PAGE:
A decade ago, I decided I wanted to become a better writer.
So I scoured stores and scanned Amazon until I had snapped up nearly every book that had the words “how to” and “write” in the title.
While I devoured several books on writing non-fiction, many of the books I read were about how to write a novel (an aspiration I harbored at the time, but have since put on ice while I focus on getting my first non-fiction book out the door).
What I learned through my extensive reading about the craft of writing — and through the extensive writing and editing I did in my daily work — had a transformative impact not only on the quality of my writing, but also on how I came to perceive my role at my firm, and the value I create through my work. It also changed how colleagues perceive my role, and the level of impact they believe I am capable of.
Since that intense period of self-education — which I liken to earning the equivalent of a master’s degree in writing, but without having to fork over $60–70,000 in tuition and give up two years of income on top of that — I learned a powerful lesson: acquiring new knowledge and skills can change the trajectory of my career, and my life.
Which brings me to the topic of this post.
Today, we’re at the tail end of what has been for me a personally and professionally challenging — but also deeply rewarding — year. 2015 was the year I launched my podcast about writing. I also kept up my weekly pace of publishing new posts on LinkedIn.
And I accomplished these goals on top of a busy full-time job and in-between orchestrating day-to-day priorities and events at home.
So what about 2016?
A year ago, I wrote a post in which I put forth my prediction that 2015 would be the “year of the podcast”. With a steady stream of new podcasts and the entry of big brands and celebrity names over the past 12 months, my “forecast” was not too far off the mark.
But rather than play the trendspotting game again, I’ve decided to be more prescriptive and inward-focused this time. I’ve determined that, for me at least, 2016 will be the “year of lifelong learning”.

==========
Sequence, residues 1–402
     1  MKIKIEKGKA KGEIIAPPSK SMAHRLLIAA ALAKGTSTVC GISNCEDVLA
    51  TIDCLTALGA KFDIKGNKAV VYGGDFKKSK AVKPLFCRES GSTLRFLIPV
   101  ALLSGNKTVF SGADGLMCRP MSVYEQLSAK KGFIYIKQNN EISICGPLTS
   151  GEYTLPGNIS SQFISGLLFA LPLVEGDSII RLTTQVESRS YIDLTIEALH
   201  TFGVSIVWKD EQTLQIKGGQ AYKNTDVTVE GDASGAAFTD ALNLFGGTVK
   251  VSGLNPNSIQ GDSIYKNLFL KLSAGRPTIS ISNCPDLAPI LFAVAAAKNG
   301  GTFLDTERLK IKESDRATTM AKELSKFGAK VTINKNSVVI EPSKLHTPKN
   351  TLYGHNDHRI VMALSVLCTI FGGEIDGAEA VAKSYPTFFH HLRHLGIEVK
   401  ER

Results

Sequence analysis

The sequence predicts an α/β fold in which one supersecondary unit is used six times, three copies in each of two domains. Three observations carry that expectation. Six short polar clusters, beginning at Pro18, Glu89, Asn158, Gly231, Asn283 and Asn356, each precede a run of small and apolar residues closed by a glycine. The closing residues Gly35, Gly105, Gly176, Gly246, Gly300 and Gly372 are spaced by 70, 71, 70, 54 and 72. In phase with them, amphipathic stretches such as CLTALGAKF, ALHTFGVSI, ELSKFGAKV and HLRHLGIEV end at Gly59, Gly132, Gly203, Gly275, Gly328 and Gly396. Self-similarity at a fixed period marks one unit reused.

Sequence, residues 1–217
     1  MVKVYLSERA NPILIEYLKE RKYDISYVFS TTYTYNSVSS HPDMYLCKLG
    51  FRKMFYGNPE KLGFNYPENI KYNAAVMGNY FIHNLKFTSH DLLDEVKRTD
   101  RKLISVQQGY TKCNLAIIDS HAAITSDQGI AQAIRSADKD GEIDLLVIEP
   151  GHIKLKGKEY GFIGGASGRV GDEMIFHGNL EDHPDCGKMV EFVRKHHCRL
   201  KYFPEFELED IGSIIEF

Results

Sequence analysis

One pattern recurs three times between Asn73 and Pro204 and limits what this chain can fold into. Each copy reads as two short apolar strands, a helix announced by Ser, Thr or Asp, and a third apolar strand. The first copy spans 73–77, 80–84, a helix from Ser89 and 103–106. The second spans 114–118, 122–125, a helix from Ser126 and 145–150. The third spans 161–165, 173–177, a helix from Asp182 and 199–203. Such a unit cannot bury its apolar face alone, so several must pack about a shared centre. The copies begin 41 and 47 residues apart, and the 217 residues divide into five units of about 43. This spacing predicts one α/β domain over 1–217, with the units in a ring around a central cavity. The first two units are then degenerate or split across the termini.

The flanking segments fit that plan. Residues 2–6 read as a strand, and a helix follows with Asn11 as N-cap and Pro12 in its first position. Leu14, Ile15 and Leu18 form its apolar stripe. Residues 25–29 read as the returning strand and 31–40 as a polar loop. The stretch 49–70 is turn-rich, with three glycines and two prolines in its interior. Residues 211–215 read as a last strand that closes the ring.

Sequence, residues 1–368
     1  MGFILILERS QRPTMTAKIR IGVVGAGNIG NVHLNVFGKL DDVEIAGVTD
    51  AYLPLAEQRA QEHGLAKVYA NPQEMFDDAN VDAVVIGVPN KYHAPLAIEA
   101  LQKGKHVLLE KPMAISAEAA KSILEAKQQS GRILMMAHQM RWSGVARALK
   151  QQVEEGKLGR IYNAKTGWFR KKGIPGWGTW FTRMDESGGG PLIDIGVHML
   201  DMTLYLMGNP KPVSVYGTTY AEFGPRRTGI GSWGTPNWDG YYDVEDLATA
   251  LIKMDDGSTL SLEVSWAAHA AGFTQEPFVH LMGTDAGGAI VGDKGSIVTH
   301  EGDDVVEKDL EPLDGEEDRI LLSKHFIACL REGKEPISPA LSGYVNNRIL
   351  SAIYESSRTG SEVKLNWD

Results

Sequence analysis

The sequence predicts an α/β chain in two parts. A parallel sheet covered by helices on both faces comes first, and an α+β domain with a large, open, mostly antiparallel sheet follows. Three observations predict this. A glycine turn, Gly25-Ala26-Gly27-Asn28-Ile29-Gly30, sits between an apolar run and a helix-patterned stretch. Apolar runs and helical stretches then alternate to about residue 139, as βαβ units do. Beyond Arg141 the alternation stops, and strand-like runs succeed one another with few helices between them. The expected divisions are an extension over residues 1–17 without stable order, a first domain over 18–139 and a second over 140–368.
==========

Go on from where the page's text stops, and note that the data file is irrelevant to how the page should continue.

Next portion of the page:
Let me briefly explain what I mean by this.
I have set specific goals that I want to achieve by the end of 2016. Many of these goals — like learning how to create and deliver webinars so I can share my knowledge directly with people around the world, or making video an integral part of my content marketing mix — will require learning new skills.
And learning these skills will require that I invest my spare time outside of work to study materials — books, podcasts, videos, online courses.
I’ll also have to commit myself to actually putting my newfound knowledge into action. I’ll need to experiment and test different things until they work. And I’ll want to step back periodically to reflect on what I’ve learned so I can do better the next time.
Here’s a poorly kept secret: your employer (or school, for that matter) is unlikely to offer exactly what you’re looking for by way of professional development.
But you should not use this as an excuse for not seeking out learning resources elsewhere, and then investing your own time and, in many cases, money, to acquire the knowledge and develop the skills you need.
We’re incredibly fortunate to have more resources for learning new skills than ever before. On top of an abundance of free learning resources which you can find with a quick Google search, the quantity and quality of paid resources available today is astounding.
With a relatively small investment, you can get from “point A” to “point B” in your learning journey more quickly, with better results, and more cost effectively than ever before.
And best of all, you don’t have to be tethered to a chair in an ivy-covered classroom to learn new things. Just about anything you want to learn you can learn in the comfort of your own home. Or your favorite coffee shop. Or wherever.
So my advice is this: identify a new skill that you’re passionate about and focus on learning everything you can about it over the next 12 months so you can master it. And, of course, don’t forget to actually make use of what you learn.
Join me in making 2016 the year of lifelong learning.
What new skills are you planning to learn in 2016? How do you prefer to acquire new skills? Please share your thoughts in the comments.